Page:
Connect with your volunteers and supporters everywhere
Ahead of the Community and Volunteer fundraising conference on 9 February, Gary Kernahan, Head of Volunteer Fundraising at Muscular Dystrophy Campaign, takes a look at the state of community fundraising in a Q&A blog.
How do you feel engagement with volunteers has changed over recent times?
Community fundraising seems to be enjoying a bit of resurgence over the last couple of years and I do think engagement with volunteers has changed. I think it has become much more sophisticated, particularly as the sector has matured with its approach to managing volunteers. Volunteers have become much more demanding about what they want and they are coming to charities bringing their skills and experience with a much clearer idea about what they want to get out of it. Sometimes that will be because the cause means a lot to them in some way.
In what way are volunteers becoming more demanding?
Well this is a good thing, and the skill for the community fundraisers and managers is to be able to identify the volunteers’ expectations and think of ways they can match those expectations. If this isn’t possible, then it’s important to say earlier on in that relationship. When recruiting, we are very clear about what we want, what the skills, experiences and needs are for that particular role. It helps you be more targeted if you are recruiting for a certain role which needs a certain skill set, you can go out and find people.
So getting a good match between volunteer and charity is important?
The majority of time that you spend with volunteers is when you get them started; with time spent on induction and training, and you hope that person will flourish. But then, if you lose them, after going through that process, you have to then start over. It’s worth getting right from the beginning.
How can charities use social media to maximise opportunities around events for instance?
This is an area I am particularly keen on. Even as recently as 18 months ago, our approach to social media was ‘oh we better do something on Facebook so let’s throw something out’ without really thinking it through. For the first time last summer, we took one of our events and properly planned out what we were going to do to market it online. We did very little of the marketing offline and the results were tremendous with a huge growth in income and registrations for that event. We’ve now been able to launch that particular event a year early, with 30% of people already signed up.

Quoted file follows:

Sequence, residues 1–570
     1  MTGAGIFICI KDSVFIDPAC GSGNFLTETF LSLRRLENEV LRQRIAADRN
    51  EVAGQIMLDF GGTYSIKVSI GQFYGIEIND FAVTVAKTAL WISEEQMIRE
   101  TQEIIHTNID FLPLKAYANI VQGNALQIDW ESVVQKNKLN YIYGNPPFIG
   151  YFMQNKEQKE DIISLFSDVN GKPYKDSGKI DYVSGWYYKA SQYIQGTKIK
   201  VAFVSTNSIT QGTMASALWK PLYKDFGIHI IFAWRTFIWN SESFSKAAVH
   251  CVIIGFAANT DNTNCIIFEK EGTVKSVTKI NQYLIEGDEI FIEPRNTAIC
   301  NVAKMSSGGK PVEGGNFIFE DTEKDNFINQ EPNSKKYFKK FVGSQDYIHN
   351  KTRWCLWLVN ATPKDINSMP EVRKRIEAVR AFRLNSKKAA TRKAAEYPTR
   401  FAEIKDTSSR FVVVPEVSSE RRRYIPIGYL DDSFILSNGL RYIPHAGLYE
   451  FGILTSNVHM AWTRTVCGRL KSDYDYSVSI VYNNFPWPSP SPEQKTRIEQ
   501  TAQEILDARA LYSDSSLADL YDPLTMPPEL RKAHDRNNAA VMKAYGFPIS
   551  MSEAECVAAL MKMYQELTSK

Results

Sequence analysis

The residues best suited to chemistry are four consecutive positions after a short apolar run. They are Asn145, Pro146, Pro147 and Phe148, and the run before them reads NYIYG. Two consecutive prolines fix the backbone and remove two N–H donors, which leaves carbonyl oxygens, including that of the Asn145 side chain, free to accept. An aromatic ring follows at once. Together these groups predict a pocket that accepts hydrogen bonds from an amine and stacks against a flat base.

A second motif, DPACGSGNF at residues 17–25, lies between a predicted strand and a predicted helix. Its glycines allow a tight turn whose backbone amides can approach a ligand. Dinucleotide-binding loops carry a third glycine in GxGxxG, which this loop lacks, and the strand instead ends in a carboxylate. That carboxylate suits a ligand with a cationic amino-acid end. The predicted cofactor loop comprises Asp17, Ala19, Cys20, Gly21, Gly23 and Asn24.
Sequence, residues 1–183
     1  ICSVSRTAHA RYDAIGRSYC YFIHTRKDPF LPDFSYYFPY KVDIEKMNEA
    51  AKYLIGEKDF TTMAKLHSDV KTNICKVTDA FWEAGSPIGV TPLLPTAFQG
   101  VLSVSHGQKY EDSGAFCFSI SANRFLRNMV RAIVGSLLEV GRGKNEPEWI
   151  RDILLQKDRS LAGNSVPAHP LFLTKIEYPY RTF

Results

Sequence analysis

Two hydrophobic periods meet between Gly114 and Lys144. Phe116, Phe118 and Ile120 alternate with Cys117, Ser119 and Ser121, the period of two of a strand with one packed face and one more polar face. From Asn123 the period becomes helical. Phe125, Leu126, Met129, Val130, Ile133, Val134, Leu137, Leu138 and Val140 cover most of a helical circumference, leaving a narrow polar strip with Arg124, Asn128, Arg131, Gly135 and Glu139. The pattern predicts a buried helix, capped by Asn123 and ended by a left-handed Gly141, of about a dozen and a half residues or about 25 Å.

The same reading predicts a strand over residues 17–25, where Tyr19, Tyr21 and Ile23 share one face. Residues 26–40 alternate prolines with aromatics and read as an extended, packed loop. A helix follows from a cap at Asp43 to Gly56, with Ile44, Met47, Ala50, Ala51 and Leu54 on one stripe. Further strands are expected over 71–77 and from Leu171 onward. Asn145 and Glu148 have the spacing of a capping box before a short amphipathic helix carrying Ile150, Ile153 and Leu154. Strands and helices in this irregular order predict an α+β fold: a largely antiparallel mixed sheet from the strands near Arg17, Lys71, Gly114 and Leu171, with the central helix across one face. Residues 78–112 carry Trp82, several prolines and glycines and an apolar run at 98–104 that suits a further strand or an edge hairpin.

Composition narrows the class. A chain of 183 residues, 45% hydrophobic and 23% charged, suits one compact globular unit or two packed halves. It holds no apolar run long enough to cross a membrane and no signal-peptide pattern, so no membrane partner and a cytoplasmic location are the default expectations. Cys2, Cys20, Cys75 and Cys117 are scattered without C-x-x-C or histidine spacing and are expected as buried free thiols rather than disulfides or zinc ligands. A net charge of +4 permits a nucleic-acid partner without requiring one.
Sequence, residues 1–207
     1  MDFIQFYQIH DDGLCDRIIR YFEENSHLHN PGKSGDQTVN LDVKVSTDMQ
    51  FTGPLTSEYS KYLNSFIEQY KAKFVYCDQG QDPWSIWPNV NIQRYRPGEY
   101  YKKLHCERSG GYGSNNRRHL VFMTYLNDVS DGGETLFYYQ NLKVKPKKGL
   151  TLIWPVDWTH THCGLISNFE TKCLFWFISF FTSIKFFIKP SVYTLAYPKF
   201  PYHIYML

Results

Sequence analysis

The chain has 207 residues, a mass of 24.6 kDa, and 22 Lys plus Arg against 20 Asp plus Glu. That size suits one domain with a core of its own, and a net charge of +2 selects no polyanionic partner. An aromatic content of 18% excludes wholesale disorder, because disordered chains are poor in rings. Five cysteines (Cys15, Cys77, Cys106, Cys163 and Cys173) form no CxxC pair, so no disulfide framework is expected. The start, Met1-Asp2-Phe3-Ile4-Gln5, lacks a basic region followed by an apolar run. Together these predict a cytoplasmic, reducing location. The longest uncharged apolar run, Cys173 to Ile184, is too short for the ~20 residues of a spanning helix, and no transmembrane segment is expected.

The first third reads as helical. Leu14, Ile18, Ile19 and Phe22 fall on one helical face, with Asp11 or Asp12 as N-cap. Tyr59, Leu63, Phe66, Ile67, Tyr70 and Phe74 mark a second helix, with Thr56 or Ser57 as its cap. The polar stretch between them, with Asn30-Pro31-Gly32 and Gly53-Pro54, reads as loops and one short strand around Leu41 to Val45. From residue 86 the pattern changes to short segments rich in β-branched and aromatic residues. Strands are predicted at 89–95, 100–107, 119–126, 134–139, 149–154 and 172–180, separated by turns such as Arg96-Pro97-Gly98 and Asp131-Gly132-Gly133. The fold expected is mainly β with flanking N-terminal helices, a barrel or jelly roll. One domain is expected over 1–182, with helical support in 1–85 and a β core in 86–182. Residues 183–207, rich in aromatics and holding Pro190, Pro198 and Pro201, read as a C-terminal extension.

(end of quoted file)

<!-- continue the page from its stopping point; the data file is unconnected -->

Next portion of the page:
The crucial element with using social media is if you are not engaged with your supporters online you are missing out on conversations and opportunities. In terms of the supporter experience, that is a great shame. Social media allows you to be in contact without being physically there, having conversations with a much greater reach of people.
If you can do things online which encourage your supporters to share your message with their communities, you are on to a win-win. MD Campaign is trying to get the team to articulate with what good online engagement looks like, and giving them the skills and resources to do so, for instance the use of smartphones. I have a responsibility to give people the freedom to try new things and experiment with engagement within reason. So much of our income comes from online fundraising so we need to help our volunteers support us to raise more money with the best advice available.
What impact can good volunteer management have?
Having clear expectations, clear ideas about what everybody’s goals are, agreeing ways to keep in touch. Volunteers often have full-time jobs so may not be available Monday to Friday. From our experience, we know people can raise more money with support of our professional fundraisers.
Is it possible to recruit new supporters and at the same time keep existing ones?
If you are continuously in a state of recruiting and inducting new supporters you don’t have a foundation or sustainable income that one would like. So good volunteer management, good supporter care, giving people a great experience will hopefully help retention. People do move on, so keep an eye on recruiting new support as well.
Currently Muscular Dystrophy Campaign have seen fantastic growth of people setting up new fundraising groups. We also have a pool of fundraising groups that have been with us about 50 years, who are very self-sufficient but still need a level of care and attention so find ourselves having two different engagement plans.
What would be your top tips or advice?
Community fundraising can be a huge asset to any organisation, the eyes and ears in the field. So there is a very important role in making sure they have the skills and knowledge to talk passionately and with authority about your cause. For an organisation with limited marketing budget, we need to be very good verbal communicators – in a way storytellers. Having the infrastructure in place to deliver the best experience to your supporters is key.
Gary Kernahan, Head of Volunteer Fundraising, Muscular Dystrophy Campaign